In a developmental psychology lecture the other week, I mentioned that I worked as an Applied Behaviour Analysis (ABA) therapist when I was a psychology undergraduate. Since then a number of students have asked me how I got into it. So I thought I’d write a blog post on what ABA therapy is, why psychology students tend to be good at it, and how to get some work experience.
ABA is a therapy for children with autism that is based on behaviourist principles of learning and development. The National Autistic Society define autism as “a lifelong developmental disability that affects how a person communicates with, and relates to, other people and the world around them. It is a spectrum condition, which means that, while all people with autism share certain areas of difficulty, their condition will affect them in different ways”. Therefore, ABA therapists (also known as ABA tutors) typically work on a one to one basis with children with autism to develop their social skills as well as other skills (e.g. language, motor skills) so that life is a little easier for them and their carers all round. They apply the principles of behaviourism (e.g. reinforcement, extinction) to change the behaviour of the children they work with. Here’s an ABA clip that explains a little more.
When I worked as a tutor in 2003/2004, ABA was expensive as families had to self fund the therapy and pay people like me, mostly psychology students, to work with their child for around 6 hours per day, five days a week. I’m sure things have changed a bit since then – if you can shed any light on this then please leave a comment. Psychology students were preferred to graduates as they were slightly cheaper (!) whilst also very knowledgeable on the topics of behaviour and child development. Therefore we made good ABA therapists and also got some very relevant work experience. On reflection, the opportunity to apply my psychological knowledge to a real world context was an invaluable experience and made me realise just how relevant a degree in psychology could be. Also, once you are in the ABA network other opportunities often come along. Some of the students I worked with became full time ABA therapists and programme leaders after university.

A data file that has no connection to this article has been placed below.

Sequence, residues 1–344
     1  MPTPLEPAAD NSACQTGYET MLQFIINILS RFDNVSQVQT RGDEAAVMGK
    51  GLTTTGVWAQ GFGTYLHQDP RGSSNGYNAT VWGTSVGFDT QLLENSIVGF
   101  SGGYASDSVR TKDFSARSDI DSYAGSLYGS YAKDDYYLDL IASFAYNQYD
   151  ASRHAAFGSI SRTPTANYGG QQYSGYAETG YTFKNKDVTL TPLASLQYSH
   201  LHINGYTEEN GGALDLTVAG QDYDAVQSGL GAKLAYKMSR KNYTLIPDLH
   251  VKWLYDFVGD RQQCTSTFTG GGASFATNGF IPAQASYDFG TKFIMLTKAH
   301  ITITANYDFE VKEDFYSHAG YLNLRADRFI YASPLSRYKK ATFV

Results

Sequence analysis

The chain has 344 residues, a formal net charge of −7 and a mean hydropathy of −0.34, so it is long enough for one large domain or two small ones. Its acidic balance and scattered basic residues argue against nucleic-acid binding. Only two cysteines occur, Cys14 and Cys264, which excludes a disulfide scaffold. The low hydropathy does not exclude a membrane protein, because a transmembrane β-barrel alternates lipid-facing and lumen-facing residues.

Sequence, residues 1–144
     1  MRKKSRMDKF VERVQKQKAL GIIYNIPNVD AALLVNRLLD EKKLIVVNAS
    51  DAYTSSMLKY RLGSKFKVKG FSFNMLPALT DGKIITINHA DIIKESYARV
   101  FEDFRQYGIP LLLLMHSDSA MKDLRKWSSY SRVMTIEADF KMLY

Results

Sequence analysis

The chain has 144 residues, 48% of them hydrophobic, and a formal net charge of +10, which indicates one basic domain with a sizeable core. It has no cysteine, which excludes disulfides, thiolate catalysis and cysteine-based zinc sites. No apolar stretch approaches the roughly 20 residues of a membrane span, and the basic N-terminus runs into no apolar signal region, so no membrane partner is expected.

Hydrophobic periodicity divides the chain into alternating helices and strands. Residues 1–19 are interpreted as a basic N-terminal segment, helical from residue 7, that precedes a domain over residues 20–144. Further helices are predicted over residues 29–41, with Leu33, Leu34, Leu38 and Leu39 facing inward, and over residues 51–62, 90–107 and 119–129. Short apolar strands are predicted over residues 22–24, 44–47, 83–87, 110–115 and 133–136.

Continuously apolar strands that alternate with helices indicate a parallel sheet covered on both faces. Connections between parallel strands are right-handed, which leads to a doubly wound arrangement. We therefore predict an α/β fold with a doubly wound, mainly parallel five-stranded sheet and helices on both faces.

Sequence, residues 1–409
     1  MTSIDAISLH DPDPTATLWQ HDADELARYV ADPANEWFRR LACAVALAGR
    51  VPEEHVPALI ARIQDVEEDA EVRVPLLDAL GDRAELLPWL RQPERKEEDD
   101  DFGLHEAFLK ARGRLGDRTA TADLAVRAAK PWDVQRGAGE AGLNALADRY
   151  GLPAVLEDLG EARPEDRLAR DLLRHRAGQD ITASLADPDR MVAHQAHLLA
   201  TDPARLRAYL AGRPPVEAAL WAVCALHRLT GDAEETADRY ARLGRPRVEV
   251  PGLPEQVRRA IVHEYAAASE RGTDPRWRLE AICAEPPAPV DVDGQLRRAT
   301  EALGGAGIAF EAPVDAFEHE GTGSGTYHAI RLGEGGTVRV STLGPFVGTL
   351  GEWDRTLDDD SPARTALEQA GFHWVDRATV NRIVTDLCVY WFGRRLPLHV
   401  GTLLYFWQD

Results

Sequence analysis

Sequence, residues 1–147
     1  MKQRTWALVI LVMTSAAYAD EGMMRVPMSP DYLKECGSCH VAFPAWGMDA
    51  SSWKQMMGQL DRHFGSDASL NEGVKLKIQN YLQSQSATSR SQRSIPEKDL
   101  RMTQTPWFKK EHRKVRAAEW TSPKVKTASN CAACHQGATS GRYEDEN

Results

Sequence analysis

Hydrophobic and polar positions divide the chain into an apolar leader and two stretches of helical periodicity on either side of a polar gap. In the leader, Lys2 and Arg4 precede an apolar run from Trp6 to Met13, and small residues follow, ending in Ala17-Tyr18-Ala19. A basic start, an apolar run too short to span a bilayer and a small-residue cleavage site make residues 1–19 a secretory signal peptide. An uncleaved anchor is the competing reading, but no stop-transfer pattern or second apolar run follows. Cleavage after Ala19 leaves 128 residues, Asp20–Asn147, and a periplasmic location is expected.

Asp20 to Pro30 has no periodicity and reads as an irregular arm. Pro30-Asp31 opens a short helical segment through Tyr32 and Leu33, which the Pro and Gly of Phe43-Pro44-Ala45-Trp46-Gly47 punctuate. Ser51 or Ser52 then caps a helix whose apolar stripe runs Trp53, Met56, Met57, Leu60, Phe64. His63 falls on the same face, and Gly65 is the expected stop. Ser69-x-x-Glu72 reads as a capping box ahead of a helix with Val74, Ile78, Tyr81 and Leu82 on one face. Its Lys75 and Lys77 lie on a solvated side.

One place to look out for ABA opportunities is your university’s intranet/careers website. The family I worked for posted an advert with my university as they were specifically looking for psychology undergraduates. I saw the ad online and was encouraged by my career’s service to apply. I phoned the number then went to meet the family and the child I would be working with. I shadowed another tutor for a few weeks and received some ‘proper’ training a month or so later when a consultant from the American company that was overseeing the therapy programme came to the UK on their rounds.
Such ABA opportunities tend to be few and far in between and are often snapped up quickly. You could say I was in the right place at the right time and there’s no use waiting for that place and time to come. I suggested a few things today to some psychology students that want to get into ABA such as getting involved with local community/education groups that work with people with autism, setting up a blog looking for work (like this Salford graduate did – via @fcchristie), creating a professional profile on sites such as LinkedIn and Twitter and introducing yourself to other ABA therapists who could potentially recommend you for a future vacancy, and so on. I’m sure they can be way more inventive than me! So my main message was/is to create your own opportunities by being a little bit savvy, a little bit creative and a little bit entrepreneurial. If you decide to get into ABA, let me know how you get on – good luck:)
If you know of other routes into ABA therapy, please leave a comment. Thank you!